Bethesda Workshops 

a place for healing from sexual addiction in Nashville, TN

F.A.Q.

 

Questions from Partners

The first step is to admit there is a serious problem with your partner and the relationship. Refuse to remain in denial. Take action to learn about sexual addiction and co-addiction and to get help for yourself. Begin by telling a safe person the truth about what’s going on in your family.

It’s not unusual for addicts to insist that their spouses keep the secret. He or she may use threats or control to keep you quiet. The truth is that you have a right to talk about what’s going on in your life. Your spouse’s addiction affects you, too. You can tell your story about what’s going on with you – the pain, the fear, the shame, the confusion. You don’t owe any loyalty to your spouse’s sinful behaviors.

If you fear your spouse may become violent or harm you in some significant way, it’s crucial that you develop a safety plan. Learn about the resources in your area. Make arrangements with a trusted person for help in an emergency. Ask for legal advice, if necessary.

Professionals in the field generally agree that children, both minors and adults, have a need and right to know (to varying degrees) about a parent’s addiction. Even young children are very much aware of what’s going on in a family, despite how well you may have tried to hide it. Talking honestly about the family situation can be a relief for children.

You should consider your children’s ages, maturity, and personality when discussing sensitive information. The primary thing to consider is your motive for telling your children: Is it to promote honesty and healing within the family, or is to seek support for yourself, get your children to take side, or manipulate the children into comforting you? None of those are healthy reasons for talking with your children about the situation.

It is vitally important that you reassure children that any problems in the family are not their fault and are not their responsibility to solve. Be clear that you will take care of them and get the family whatever help is needed.

We’ll thoroughly address the topic of disclosure to family at the Healing for Spouses workshop.

Living in a home where sexual addiction is present is clearly an unhealthy environment for children for a variety of reasons. However, don’t automatically assume that a sex addict is at risk of sexually abusing children. Sexual addiction and pedophilia (being sexually attracted to children) are two different things. Most sex addicts are not inappropriate with children. Unless you have some specific reason to suspect otherwise (such as finding child-oriented pornography), your children aren’t at risk of sexual abuse by an addicted parent.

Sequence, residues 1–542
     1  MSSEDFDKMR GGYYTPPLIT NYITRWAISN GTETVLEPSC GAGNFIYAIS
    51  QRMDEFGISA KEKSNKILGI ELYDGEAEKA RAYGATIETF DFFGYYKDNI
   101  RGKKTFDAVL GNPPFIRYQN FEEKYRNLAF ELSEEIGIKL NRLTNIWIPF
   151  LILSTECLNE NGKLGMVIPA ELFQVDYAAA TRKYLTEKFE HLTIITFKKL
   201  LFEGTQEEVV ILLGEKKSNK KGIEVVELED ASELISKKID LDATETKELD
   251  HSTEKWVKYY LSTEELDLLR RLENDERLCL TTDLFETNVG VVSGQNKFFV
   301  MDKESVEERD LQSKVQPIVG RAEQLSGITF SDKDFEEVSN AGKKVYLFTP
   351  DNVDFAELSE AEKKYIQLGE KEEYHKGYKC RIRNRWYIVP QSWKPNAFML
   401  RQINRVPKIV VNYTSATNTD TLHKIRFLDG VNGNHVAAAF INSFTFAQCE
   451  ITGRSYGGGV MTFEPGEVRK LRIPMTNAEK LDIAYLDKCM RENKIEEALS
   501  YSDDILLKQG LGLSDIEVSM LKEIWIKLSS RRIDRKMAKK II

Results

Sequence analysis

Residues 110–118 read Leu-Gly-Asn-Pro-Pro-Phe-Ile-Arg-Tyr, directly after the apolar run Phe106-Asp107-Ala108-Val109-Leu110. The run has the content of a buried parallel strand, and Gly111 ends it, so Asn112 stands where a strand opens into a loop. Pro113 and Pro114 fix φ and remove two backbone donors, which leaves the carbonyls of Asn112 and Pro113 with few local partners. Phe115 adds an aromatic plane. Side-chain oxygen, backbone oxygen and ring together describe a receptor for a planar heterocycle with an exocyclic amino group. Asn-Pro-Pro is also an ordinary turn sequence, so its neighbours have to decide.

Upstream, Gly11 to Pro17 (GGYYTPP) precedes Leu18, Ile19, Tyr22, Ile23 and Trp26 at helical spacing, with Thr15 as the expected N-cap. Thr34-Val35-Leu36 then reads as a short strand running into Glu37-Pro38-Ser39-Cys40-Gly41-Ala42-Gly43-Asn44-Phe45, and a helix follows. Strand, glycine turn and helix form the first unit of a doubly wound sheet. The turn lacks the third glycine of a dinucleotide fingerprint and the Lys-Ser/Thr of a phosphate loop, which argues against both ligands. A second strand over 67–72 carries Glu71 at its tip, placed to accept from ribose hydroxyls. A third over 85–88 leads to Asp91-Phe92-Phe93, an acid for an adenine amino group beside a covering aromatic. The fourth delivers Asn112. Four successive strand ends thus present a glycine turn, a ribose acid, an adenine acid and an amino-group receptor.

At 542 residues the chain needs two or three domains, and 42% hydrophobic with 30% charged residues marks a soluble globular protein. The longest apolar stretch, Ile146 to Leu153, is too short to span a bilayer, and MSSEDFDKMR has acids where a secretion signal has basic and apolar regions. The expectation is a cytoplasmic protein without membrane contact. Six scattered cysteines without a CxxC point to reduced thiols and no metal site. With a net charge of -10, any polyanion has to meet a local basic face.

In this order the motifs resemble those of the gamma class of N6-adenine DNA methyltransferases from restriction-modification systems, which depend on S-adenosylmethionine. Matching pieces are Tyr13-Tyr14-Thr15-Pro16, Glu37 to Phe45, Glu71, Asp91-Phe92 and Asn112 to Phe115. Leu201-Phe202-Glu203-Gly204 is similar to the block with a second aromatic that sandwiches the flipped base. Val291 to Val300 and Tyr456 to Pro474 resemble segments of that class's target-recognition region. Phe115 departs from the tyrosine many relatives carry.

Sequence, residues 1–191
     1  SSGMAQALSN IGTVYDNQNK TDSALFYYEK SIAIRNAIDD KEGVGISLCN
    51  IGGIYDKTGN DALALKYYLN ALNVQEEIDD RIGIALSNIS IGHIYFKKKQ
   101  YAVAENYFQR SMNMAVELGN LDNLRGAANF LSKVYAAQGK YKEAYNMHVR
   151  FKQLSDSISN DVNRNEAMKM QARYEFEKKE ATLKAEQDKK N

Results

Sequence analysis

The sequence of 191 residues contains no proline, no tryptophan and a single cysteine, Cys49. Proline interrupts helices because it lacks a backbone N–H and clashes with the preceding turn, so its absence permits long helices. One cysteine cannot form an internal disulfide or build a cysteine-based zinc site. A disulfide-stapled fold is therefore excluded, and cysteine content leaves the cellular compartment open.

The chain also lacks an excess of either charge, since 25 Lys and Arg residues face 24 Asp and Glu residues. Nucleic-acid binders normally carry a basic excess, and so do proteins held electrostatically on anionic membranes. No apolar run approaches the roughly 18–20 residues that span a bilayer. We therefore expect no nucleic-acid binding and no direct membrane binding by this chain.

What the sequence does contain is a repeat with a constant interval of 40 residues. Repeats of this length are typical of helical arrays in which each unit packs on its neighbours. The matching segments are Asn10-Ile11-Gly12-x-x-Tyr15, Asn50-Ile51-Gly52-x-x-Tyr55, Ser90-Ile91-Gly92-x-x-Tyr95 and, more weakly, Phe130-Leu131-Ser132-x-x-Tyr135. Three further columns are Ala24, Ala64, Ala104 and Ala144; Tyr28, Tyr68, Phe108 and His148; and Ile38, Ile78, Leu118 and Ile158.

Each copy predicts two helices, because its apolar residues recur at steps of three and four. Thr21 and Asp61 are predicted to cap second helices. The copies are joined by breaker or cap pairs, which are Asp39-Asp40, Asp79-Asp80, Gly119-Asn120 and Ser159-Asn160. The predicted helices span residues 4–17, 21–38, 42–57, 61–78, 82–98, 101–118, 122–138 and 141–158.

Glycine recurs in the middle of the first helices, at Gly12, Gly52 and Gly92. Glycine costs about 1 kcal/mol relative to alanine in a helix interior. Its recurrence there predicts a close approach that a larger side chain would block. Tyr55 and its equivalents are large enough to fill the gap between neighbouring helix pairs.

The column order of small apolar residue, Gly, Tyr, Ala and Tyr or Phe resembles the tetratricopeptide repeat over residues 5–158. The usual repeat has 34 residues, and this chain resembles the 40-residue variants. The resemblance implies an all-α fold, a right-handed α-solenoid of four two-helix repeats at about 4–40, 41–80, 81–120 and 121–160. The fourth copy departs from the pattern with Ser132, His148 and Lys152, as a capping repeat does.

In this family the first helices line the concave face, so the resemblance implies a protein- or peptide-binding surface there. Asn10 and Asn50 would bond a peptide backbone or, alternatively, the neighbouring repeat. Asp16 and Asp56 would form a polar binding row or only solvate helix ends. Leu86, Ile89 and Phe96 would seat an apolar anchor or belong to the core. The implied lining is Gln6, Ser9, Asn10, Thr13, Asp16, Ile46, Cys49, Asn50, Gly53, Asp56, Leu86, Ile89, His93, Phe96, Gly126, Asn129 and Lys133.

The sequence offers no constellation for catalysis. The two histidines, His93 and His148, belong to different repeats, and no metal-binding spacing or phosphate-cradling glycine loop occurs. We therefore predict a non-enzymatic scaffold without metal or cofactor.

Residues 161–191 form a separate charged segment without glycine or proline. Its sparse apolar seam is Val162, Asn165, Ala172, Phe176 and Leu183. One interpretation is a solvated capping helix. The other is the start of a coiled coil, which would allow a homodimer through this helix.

It’s always wise, however, to be aware of others’ interactions with your children and to have healthy conversations about concepts like safe touch and personal privacy.

 

Questions from Couples

When faced with the devastation of sexual addiction, a couple may feel there’s no hope for their relationship. The good news is that the crisis of sexual betrayal can be the window into the kind of relationship both spouses have always wanted – a relationship of genuine intimacy. A coupleship in the truest sense of the one flesh union that God intends for marriage.

This kind of renewal, however, takes the same dedication to healing as a couple that’s required for individual recovery. A recovering sex addict and co-addict sometimes think that their individual work will automatically improve their relationship. In some ways, that’s true. It definitely helps the relationship when the addict is being faithful and the co-addict is addressing his or her own codependent behaviors.

Individual healing, though, doesn’t automatically translate into a healthy coupleship. Each couple has its own couple’s dance – a predictable pattern of interaction that’s been developed over the years. Maybe one spouse distances and the other pursues. Perhaps one mate over-functions and the other mate is irresponsible. Often both partners unconsciously project family of origin or other wounds onto the spouse, so that their relationship is complicated by additional baggage that was brought into the marriage. These patterns must be identified, understood, resolved and forgiven.